Famous 1952 Indy Race Car Highlights 95 Years of Cummins Innovation

Cummins Inc. took one of the most famous diesel-powered race cars of all time to Las Vegas, with the Cummins Diesel Special 28 proudly displayed in the Cummins booth at CONEXPO-CON/AGG. This highlighted 95 years of innovation since the company was founded in February 1919. The number 28 created a sensation at the 1952 Indianapolis 500 by setting a four-lap record qualifying speed of 138 mph (222 km/h) to take the coveted pole position on the grid at the legendary Indianapolis Motor Speedway. To achieve that distinction, the race car with a Cummins JB-600 diesel engine had outperformed some of the fastest gasoline-powered race cars in the world.

The number 28 race car demonstrated the potential of the diesel engine to perform in a way that few outside of Cummins believed was possible at the time. With its radiant red-and-yellow color scheme, the Cummins Diesel Special 28 took to the track with a radically different Kurtis-Kraft roadster style chassis with a lower and longer profile. The six-cylinder Cummins JB-600 diesel was horizontally oriented as a “flat” engine within the highly streamlined body. The race car was built so low that the tires stood higher than the body.

For the race car, the JB-600 engine output was increased to 420 hp and made extensive use of lightweight materials, although it was essentially the same 6.6 l engine that had recently entered service in trucks and would later appear in construction equipment.

The diesel engine came with two major advantages: first, performance was boosted by a turbocharger, used for the first time by a race car at the Indianapolis 500; and second, it featured the revolutionary pressure-time (PT) fuel system, which at that time was newly developed by Clessie Cummins and the engineering team at the Cummins headquarters in Columbus, Indiana, located just 80 km from the Indianapolis Motor Speedway.

With the PT fuel system, the pump supplies the fuel at low pressure to a common rail and is then injected at high pressure by unit injectors to each cylinder. The PT system was not only much smaller and lighter, but it also enabled the engine to operate at a faster engine rpm. That major advantage set Cummins diesels apart from others for decades to come.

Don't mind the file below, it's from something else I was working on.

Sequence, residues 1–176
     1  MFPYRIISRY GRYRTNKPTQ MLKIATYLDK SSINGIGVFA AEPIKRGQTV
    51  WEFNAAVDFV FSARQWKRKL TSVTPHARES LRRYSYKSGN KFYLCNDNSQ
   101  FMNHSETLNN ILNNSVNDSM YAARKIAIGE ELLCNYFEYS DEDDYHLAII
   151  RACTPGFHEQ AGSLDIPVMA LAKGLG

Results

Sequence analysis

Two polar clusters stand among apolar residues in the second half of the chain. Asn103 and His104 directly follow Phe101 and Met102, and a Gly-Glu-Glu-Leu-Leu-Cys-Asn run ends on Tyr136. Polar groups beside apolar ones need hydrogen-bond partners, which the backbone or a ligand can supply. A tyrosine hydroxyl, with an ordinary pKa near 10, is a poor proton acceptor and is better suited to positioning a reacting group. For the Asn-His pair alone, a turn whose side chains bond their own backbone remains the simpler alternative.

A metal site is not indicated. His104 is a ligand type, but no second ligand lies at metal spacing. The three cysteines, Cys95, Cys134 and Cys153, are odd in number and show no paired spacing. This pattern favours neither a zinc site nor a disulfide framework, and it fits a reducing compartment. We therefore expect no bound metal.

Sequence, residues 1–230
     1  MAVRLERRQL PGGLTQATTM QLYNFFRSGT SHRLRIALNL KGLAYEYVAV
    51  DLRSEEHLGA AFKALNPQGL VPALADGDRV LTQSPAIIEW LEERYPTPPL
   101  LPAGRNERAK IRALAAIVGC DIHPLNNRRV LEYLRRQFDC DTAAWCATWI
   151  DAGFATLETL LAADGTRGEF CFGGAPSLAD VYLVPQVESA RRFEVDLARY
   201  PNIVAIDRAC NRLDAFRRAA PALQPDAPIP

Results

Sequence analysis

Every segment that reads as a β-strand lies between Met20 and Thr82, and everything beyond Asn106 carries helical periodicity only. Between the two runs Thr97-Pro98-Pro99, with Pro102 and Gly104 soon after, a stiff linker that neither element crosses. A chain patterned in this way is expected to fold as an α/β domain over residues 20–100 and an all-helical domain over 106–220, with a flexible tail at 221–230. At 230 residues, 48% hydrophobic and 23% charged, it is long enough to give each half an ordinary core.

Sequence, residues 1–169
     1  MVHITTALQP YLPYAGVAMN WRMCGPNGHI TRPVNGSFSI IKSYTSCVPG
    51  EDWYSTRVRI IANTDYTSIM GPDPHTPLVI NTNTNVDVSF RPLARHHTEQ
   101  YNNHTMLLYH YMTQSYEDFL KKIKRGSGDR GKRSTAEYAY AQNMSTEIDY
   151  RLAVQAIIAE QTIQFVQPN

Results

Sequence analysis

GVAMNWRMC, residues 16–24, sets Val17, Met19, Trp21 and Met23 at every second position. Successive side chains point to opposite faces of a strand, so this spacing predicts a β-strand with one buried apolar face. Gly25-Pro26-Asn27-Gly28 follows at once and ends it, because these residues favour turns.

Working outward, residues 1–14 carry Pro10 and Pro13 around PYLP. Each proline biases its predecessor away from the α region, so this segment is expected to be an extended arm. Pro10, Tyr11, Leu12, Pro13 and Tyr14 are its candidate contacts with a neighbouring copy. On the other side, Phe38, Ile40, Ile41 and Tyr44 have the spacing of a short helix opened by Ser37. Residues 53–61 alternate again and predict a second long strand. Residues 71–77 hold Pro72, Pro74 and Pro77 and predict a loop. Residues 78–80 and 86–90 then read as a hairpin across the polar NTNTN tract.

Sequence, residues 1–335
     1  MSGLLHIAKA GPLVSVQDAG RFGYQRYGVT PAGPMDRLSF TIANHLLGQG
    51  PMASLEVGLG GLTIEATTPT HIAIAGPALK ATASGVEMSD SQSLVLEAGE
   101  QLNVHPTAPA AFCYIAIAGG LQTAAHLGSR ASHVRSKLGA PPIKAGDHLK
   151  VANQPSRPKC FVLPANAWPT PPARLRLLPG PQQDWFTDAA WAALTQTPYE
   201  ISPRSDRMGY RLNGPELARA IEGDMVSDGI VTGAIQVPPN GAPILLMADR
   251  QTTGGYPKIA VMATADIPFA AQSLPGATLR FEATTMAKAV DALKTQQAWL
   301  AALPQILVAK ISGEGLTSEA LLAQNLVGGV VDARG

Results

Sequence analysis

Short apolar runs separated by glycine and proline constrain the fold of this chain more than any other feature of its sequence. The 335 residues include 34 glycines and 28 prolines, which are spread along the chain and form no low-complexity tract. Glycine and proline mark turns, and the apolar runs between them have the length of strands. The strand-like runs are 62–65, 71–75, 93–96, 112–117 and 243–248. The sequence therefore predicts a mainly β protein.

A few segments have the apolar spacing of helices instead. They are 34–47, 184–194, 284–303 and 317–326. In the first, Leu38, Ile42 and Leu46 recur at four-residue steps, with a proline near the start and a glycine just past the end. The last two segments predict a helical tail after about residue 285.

The driveshaft was offset to left side of the car to accommodate the engine and for a better center of gravity on the left-only turns at the speedway. The number 28 was the first Indy 500 race car to be tested in a wind tunnel, which helped to further enhance the sleek profile.

The result was a highly aerodynamic race car powered by a very strong, turbocharged diesel. Although experimental, and unknown before the race, the number 28 had achieved pole position at the world’s foremost car race – to the astonishment of the industry.

Pole Position at the Indianapolis 500
With fearless driver Freddie Agabashian at the wheel, the Cummins Diesel Special 28 attracted national attention positioned at the front of the starting line. With the race underway, the heavier Diesel Special fell back from pole position as the turbocharger took its time to get the engine up to full power. Steadily, the diesel racer climbed back up the field to fourth position as the diesel engine strength and aerodynamic design took effect.

Unfortunately, at the 175-mile mark, the number 28 was forced to retire from the race due to damage resulting from the intake of tire debris on the track – ending hopes of victory for the many thousands of Columbus residents who attended the race to cheer on the race car.

After the race ended, the entry rules were changed, effectively making number 28 the last diesel race car to compete in the Indianapolis 500. However, the Diesel Special had by then achieved its purpose of showcasing the true potential of the diesel engine and had highlighted the ability of both Cummins innovative turbocharging and the new PT fuel system to transform diesel performance. The publicity achieved by the number 28 immediately boosted sales of Cummins diesels, with the recognition that it was the engine that had sat on the pole at the Indianapolis 500.

Source: Cummins Inc.

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